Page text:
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Charlotte Amalie
Friday, August 19, 2022
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Board of Education Balks at Relaxing Teacher Standards

The Virgin Islands Board of Education debated whether or not to loosen teacher certification standards to address the territory’s ongoing teacher shortage at a two-part meeting held Friday afternoon and Saturday morning on St. Croix.

The board also approved plans to hold a conference on St. Thomas at which board members and experts will discuss with the public and teachers their plans to overhaul the territory’s student discipline policy.

On Friday afternoon, Executive Director Carol O’Bryan Henneman passionately spoke against the prospect of lowering teacher standards. She said the board had received a request from the V.I. Department of Education requesting some of the certification requirements be waived so people who had not yet finished their teaching degrees could be hired by the public school system.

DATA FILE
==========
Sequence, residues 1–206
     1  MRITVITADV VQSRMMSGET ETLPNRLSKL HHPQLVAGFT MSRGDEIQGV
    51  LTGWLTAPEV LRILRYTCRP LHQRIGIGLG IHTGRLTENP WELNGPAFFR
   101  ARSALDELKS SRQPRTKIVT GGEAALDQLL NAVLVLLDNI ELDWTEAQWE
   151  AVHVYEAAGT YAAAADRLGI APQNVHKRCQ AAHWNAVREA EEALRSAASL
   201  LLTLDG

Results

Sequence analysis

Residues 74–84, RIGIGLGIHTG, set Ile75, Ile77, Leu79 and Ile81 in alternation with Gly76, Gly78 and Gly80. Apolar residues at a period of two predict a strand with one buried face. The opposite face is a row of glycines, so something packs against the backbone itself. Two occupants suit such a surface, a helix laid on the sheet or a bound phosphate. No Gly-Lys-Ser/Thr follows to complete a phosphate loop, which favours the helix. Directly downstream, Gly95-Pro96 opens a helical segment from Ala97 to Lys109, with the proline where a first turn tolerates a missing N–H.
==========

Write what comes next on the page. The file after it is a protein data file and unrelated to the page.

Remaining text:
“I have been in education for 37 years now and I have seen the ramifications of lowering our standards to accommodate people or persons who want to teach but didn’t bother to train to teach,” Henneman warned.

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She asked board members if they would feel comfortable seeing a doctor or a lawyer who had not finished his or her education. Teachers should be no different, she said.

Henneman left the door open for negotiation, saying she wouldn’t be opposed to working with prospective teachers who were in a “transition state,” but did not want to make too many concessions.

“I oppose a policy that allows people to come into our system full force without being certified and without possessing the tools that our children need,” she said.

After the meeting Oswin Sewer, chairman of the board, said it was possible the department’s request could be granted with strings attached. He said some members were in favor of establishing a deadline by which uncertified teachers would have to finish their training. He also said there had been discussion of allowing new hires to work under the supervision of veteran teachers or organizing Saturday training courses to teach them pedagogy.

Everyone agreed that the teacher shortage was an issue that needed to be addressed, however.